As members of the Tennessee General Assembly meet today, Jan. 19, for a special session on education issues, most of Gov. Bill Lee’s proposals have support from Maryville City Schools Director Mike Winstead, with one notable exception.
Asked about Lee’s proposals for dealing with learning losses from time out of school during the pandemic, Winstead told the Maryville City Council during a retreat Jan. 15, “I’m going to scream really loud about what we maybe should be doing and not be doing with that.”
The part of the proposed Tennessee Learning Loss Remediation and Student Acceleration Act that bothers Winstead would require schools starting in the 2022-23 school year to retain third graders who don’t score “on track” or “mastered” in English language arts (ELA) on state tests.
“It’s about keeping the kids in third grade so that they don’t take the fourth grade NAEP test so that your NAEP scores look better and you have a ‘Mississippi miracle,’” he said, referring to a dramatic rise in that state’s fourth grade scores on the National Assessment of Educational Progress, also know as “The Nation’s Report Card,” which critics link to Mississippi’s high retention rate for third graders.
“There’s a lot of ways to raise your test scores, and one way is to just make sure that kids that can’t pass it don’t take it,” Winstead said.
To pass that test in third grade, he said, a student would have to be on track to score a 22 on the ACT college admissions exam later.
In 2019, only 36.9% of third graders scored “on track” or “mastered” in ELA on the TNReady assessments.
Winstead told the City Council that he would encourage legislators to sit down and read with a third grader who scores in the 50th percentile and then decide if that child should be required to attend summer school.
“It’s a misguided approach, but we’re going to throw millions and millions of dollars at that,” he said. “We just need to scale it down, laser it to the kids who need the help, back here at the 20th and 30th percentile, who are not on track to be successful in life. Put the money there, and we’ll see some growth there.”
The same bill would require public schools to provide summer camps in 2021 and 2022 for grades one through eight, and he said, “I’m fine with that.”
Lee also has said he hopes to include a teacher pay raise in the special session, and Winstead put that into perspective. Last year Lee’s plan for a pay raise was pulled back because of the expected economic hit from COVID-19.
Winstead explained that if the state passes what it calls a 4% raise under the Basic Education Program funding, that would provide about half a million dollars to Maryville City Schools. The true cost of giving all Maryville’s employees a 4% raise would be about $1.4 million, since the BEP funding formula doesn’t calculate all staff members. For example, it would count only five of Maryville’s 15 counselors.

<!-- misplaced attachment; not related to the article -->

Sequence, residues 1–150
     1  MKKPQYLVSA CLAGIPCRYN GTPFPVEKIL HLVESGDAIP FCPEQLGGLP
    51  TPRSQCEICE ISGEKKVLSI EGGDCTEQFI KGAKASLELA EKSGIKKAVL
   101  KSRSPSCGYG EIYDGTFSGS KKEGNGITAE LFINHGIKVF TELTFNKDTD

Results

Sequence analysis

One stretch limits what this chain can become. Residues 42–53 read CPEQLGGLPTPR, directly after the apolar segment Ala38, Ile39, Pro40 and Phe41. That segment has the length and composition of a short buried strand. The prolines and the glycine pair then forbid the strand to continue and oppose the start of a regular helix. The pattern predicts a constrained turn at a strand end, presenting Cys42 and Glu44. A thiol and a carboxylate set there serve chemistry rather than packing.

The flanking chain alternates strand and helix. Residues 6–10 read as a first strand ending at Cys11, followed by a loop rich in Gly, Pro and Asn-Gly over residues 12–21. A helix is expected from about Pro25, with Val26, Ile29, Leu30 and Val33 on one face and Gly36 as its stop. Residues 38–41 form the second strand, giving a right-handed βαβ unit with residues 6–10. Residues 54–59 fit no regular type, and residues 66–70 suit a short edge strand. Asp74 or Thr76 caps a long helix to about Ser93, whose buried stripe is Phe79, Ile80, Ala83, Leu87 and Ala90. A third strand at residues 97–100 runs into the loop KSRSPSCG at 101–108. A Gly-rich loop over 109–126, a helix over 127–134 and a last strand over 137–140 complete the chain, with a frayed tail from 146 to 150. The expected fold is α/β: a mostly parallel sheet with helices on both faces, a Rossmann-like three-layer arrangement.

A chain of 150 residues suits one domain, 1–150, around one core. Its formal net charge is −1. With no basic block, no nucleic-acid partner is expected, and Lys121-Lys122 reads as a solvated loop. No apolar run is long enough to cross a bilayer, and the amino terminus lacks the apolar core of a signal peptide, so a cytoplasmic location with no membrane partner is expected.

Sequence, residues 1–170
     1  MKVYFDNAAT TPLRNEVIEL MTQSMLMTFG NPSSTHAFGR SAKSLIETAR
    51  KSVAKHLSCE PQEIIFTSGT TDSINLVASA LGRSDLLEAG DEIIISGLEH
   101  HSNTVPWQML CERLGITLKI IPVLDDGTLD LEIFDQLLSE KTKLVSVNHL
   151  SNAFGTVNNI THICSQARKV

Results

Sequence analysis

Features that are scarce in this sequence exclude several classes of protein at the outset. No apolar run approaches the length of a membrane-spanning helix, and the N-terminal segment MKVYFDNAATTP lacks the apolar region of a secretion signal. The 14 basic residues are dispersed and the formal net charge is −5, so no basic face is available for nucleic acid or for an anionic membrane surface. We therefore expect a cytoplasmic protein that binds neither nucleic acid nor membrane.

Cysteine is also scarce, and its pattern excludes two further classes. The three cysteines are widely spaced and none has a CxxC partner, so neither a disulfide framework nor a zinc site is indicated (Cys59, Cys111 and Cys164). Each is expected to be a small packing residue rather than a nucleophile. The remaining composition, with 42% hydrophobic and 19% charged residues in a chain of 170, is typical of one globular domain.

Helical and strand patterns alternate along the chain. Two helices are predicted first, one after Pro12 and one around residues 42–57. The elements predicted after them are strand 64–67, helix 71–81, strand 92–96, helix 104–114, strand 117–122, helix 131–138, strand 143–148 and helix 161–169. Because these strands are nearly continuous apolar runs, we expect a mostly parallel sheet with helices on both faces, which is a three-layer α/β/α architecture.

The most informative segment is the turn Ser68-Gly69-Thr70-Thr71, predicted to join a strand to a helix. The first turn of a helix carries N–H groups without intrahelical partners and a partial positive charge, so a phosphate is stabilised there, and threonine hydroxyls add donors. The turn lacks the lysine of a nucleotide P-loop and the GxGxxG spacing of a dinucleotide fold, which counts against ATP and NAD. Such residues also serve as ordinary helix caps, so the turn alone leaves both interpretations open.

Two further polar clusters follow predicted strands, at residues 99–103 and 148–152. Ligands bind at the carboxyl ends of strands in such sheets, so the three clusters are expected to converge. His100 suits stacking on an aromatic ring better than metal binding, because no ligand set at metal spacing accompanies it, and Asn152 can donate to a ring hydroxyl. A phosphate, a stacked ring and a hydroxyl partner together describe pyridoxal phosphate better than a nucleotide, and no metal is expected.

Maryville is one of only 16 districts across the state that didn’t see a drop in enrollment this year, according to Winstead, and he supports a plan to keep state funding level for the next school year.
Overall, Tennessee’s public schools saw nearly a 3% decline in enrollment in the 2020-21 school year, Winstead said.
He explained that the traditional funding plan could cost schools $130 million, but he expects most of those students to return next year, so a one-year “hold harmless” on state funding makes sense.
Maryville wasn’t immune from the impact of parental choices during the pandemic, though. Winstead said 209 students zoned for the city district chose home schooling this year, up from 95 in a typical year.
“I will go out on a limb and say we will see our steepest increase in enrollment next year that we’ve probably seen in 20 years,” Winstead told the City Council.
He’s estimating 200-250 more students, an increase of 4%-5% compared with growth that usually averages 1.5%.
Most of the families that chose home schooling for the first time this year already have told principals they will be back next year, the director said. “It’s a one-year thing,” he said. “They’re coming back.”
Some families also delayed sending students to kindergarten.
Winstead said the district is seeing growth from both new development in areas such as Morganton Road and from younger families moving into older neighborhoods.
During the council retreat, Winstead also reviewed the school district’s long-term plan for increasing school capacity, noting that he expects classroom space to be tight at the junior high next year.
The plan would expand Maryville High School to move ninth graders back to the campus and move seventh grade into what is now the junior high. Later the district plans to add two classrooms to each grade level at Sam Houston Elementary.
The city recently bought property on Cunningham Street adjacent to the high school, and Winstead said the leases on apartments there are up in March and demolition is expected this summer.
Adding about 35 classrooms to the high school will raise the enrollment capacity from about 1,550 to 2,100.
Winstead said he’d like to have the expansions at the high school and junior high done by the beginning of the 2026-27 school year. Construction would take about 18 months, he told the council.